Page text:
Rep. Beth Kerttula, D-Juneau, reluctantly voted for a $1,200 addition to this year's estimated $2,000 Alaska Permanent Fund dividend. She had hoped instead for a plan to target help to those with greater needs, as well as spending more money on developing renewable sources for a longer term solution.
"It's both too much and too little," she said. "Some people are going to need a whole lot more to pay their energy costs this year, and I would have liked to do more."
David Newman, Kerttula's opponent in the Aug. 26 Democratic primary, takes a stronger stand than Kerttula in favor of the cash payments.
Newman is challenging the five-term incumbent Kerttula, who also serves as the Democratic Party leader in the House of Representatives, for the nomination in House District 3. That district includes downtown Juneau and Douglas Island, and extends north through the Salmon Creek, Switzer Creek and Lemon Creek areas.
Newman said giving back state money at a time of citizen need was an easy call.
"I think people are hurting right now," he said. "It just cost me $100 to fill up my car the other day."
The best way to help people and share the state's wealth is to provide the cash payments, he said.
"The constitution says Alaska should use its resources for the maximum benefit of its citizens. There's no better way than to give it back to them," he said.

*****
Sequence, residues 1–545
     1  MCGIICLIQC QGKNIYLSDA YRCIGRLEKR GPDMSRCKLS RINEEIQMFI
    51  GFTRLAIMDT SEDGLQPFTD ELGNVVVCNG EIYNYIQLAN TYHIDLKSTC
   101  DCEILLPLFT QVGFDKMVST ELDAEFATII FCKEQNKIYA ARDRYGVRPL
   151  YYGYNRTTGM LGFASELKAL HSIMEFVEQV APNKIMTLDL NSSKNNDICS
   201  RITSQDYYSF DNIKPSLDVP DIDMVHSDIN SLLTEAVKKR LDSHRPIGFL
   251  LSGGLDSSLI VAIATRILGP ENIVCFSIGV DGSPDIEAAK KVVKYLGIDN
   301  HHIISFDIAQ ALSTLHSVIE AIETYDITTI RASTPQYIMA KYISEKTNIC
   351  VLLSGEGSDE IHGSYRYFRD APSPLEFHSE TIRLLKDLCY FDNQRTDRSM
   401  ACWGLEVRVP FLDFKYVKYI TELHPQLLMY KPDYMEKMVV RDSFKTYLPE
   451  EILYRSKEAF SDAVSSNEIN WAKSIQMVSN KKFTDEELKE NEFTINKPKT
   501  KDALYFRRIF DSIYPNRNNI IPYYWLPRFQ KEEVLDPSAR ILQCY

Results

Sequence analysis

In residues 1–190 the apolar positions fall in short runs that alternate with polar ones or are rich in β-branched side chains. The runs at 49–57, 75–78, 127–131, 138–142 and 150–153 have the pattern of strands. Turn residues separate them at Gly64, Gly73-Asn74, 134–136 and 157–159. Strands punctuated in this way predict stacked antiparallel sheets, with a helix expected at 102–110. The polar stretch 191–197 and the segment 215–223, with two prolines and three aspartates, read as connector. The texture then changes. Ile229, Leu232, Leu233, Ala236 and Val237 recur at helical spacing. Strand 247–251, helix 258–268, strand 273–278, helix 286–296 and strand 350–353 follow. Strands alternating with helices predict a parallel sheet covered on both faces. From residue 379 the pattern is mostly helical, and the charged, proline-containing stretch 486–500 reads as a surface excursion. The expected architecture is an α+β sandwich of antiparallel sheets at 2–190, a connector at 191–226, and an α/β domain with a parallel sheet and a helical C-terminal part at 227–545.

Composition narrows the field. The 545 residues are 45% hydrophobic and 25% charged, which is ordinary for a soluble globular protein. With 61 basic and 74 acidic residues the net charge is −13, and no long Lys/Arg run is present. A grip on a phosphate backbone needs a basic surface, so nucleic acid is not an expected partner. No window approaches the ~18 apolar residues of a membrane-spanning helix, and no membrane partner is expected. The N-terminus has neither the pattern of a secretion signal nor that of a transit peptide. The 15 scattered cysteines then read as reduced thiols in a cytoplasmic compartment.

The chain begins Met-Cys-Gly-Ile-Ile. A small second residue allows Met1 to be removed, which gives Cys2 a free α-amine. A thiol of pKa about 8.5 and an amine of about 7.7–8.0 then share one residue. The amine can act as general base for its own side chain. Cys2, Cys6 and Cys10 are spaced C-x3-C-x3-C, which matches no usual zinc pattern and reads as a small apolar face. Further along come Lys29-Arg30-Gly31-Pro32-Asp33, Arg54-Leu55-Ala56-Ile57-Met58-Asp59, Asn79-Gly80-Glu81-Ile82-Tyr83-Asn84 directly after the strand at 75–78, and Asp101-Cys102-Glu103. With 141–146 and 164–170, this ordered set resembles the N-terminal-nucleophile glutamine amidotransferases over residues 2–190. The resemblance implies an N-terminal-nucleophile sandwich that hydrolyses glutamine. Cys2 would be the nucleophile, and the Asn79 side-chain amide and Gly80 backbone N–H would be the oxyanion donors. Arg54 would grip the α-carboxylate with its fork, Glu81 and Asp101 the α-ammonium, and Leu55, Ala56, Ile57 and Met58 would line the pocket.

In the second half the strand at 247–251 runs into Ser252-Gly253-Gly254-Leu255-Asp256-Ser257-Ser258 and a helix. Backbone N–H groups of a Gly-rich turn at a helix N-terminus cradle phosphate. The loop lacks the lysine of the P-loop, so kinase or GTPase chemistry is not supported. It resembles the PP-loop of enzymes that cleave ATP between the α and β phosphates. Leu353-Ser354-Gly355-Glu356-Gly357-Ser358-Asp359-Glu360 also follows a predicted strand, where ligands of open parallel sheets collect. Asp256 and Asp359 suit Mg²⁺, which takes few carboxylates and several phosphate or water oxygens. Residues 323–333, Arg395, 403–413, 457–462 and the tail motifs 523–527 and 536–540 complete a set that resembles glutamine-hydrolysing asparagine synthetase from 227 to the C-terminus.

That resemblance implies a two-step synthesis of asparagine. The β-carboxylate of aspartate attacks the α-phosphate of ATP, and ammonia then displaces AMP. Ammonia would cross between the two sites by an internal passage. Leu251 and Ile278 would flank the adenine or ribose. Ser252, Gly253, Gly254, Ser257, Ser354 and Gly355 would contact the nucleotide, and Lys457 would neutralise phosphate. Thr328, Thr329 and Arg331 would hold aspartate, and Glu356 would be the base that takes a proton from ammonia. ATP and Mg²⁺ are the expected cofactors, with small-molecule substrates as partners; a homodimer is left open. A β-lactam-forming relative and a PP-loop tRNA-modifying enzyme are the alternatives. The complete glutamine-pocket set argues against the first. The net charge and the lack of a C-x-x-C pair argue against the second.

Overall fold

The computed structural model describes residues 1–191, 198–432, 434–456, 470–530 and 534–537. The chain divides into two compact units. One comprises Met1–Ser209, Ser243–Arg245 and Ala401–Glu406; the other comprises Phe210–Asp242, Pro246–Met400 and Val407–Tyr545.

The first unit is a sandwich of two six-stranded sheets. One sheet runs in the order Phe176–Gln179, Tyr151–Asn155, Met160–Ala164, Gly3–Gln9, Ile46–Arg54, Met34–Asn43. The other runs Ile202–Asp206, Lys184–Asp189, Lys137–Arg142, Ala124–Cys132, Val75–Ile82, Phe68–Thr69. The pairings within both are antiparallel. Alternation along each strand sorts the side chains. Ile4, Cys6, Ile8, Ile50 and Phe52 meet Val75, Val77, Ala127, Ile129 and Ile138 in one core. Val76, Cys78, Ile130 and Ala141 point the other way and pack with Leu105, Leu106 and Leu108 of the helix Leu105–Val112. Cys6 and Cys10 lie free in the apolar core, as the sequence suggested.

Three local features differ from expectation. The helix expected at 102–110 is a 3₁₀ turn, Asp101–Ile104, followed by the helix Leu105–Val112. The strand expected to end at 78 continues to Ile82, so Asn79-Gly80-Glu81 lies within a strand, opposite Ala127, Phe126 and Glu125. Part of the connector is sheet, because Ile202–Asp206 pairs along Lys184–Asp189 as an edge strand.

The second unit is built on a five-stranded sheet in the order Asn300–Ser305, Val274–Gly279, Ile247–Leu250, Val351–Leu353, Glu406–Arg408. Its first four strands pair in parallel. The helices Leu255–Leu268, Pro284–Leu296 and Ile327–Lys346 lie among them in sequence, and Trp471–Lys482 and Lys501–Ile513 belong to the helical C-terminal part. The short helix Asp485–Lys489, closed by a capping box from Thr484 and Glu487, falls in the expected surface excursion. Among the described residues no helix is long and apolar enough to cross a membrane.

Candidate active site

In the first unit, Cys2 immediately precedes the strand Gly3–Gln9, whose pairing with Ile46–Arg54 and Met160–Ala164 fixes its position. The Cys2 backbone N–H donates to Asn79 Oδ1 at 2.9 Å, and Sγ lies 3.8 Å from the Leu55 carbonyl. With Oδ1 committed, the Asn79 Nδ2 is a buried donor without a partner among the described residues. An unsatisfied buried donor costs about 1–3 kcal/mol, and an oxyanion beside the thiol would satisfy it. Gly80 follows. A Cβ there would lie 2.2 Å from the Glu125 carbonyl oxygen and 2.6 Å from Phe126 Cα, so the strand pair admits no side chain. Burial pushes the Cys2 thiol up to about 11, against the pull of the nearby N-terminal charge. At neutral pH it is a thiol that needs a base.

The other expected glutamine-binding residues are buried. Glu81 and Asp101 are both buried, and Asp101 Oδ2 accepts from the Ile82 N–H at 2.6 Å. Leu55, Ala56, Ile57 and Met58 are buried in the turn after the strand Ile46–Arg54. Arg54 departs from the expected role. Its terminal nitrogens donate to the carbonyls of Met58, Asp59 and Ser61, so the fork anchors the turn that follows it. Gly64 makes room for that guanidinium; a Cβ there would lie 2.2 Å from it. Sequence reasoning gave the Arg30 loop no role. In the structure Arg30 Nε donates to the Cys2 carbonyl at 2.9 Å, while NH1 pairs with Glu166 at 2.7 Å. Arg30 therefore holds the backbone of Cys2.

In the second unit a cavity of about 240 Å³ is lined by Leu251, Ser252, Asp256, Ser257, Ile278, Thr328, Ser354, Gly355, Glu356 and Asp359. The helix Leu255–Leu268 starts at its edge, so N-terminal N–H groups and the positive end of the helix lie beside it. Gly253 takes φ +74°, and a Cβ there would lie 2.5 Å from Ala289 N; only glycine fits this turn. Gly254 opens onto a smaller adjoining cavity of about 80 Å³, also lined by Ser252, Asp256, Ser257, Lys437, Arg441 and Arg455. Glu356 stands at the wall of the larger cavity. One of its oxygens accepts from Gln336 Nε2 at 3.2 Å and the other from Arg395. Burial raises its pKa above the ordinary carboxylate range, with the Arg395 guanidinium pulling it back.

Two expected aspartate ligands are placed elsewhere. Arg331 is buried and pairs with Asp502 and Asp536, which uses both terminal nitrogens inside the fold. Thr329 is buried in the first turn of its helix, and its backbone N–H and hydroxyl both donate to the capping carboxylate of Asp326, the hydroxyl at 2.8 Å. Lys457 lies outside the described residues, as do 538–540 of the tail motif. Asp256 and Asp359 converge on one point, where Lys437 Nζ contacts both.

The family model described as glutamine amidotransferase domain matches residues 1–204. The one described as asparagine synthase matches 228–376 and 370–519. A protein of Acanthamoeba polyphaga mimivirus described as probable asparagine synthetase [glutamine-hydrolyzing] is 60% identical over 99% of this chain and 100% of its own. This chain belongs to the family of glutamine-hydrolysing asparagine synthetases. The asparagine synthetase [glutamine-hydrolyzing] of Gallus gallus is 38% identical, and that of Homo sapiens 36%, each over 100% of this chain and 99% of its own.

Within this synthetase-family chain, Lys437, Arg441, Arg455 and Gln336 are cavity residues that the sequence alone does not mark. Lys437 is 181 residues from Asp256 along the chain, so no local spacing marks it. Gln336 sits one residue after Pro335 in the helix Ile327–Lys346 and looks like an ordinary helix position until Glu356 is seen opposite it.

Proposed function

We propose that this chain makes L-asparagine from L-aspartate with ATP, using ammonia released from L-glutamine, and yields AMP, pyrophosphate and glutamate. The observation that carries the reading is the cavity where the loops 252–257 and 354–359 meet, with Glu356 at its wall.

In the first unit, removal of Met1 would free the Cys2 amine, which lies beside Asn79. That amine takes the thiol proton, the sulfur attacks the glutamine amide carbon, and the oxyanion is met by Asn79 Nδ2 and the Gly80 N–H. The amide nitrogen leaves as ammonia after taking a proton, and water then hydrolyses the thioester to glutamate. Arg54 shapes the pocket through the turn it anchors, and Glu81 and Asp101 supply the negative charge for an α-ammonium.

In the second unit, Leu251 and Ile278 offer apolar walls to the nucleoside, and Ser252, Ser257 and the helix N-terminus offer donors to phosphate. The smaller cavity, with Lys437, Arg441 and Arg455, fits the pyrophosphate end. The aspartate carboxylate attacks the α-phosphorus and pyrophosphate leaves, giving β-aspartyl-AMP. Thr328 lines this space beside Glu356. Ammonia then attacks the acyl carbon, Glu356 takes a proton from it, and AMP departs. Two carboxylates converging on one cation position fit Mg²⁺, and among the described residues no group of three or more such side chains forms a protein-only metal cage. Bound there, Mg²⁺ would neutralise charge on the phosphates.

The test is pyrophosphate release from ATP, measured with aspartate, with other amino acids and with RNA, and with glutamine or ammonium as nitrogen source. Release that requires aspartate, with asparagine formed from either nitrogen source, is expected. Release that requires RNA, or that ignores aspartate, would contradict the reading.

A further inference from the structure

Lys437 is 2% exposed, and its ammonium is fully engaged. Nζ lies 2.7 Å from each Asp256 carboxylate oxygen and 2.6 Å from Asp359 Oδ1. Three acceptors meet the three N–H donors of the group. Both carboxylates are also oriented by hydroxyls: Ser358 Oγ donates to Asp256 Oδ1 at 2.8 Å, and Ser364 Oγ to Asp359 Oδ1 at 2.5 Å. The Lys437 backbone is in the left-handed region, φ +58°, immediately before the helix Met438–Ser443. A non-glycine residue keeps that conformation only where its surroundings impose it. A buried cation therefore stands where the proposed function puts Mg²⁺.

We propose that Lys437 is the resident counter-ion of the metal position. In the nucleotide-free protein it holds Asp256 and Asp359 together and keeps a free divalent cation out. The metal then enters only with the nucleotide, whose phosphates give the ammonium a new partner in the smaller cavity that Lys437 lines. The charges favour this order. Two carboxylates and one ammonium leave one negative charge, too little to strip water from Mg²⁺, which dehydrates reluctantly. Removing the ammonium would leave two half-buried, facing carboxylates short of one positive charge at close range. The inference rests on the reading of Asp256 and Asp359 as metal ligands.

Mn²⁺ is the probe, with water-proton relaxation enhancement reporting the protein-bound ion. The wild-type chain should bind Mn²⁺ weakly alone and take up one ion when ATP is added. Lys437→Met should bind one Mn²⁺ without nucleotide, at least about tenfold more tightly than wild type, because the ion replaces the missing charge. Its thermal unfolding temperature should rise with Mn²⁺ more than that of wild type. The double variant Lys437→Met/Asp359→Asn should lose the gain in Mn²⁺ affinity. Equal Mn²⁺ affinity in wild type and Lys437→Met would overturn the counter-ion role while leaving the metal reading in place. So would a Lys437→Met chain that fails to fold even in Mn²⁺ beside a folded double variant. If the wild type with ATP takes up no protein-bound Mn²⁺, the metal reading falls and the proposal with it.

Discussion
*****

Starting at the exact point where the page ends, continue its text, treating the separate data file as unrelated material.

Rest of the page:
Kerttula also supported boosting the state's Power Cost Equalization program, which reduces the cost of expensive diesel-power in rural communities. Several million dollars were eventually added to the program, but not all the changes that were sought by advocates were made.
The PCE program doesn't affect Juneau, Anchorage or Fairbanks, but is considered important by residents of communities without hydropower or other cheap energy sources, such as Hoonah.
Kerttula said the state also needed to help out those people in neighboring communities that are suffering from extremely high electric rates this winter.
Newman said he did not know enough about the program to comment on it.
Both Newman and Kerttula supported Gov. Sarah Palin's nomination of TransCanada Corp. for a license to build a natural gas pipeline under the Alaska Gasoline Inducement Act. Kerttula led the fight for the gas pipeline in the House of Representatives, which Newman said he supported.
Contact reporter Pat Forgey at 523-2250 or firstname.lastname@example.org.
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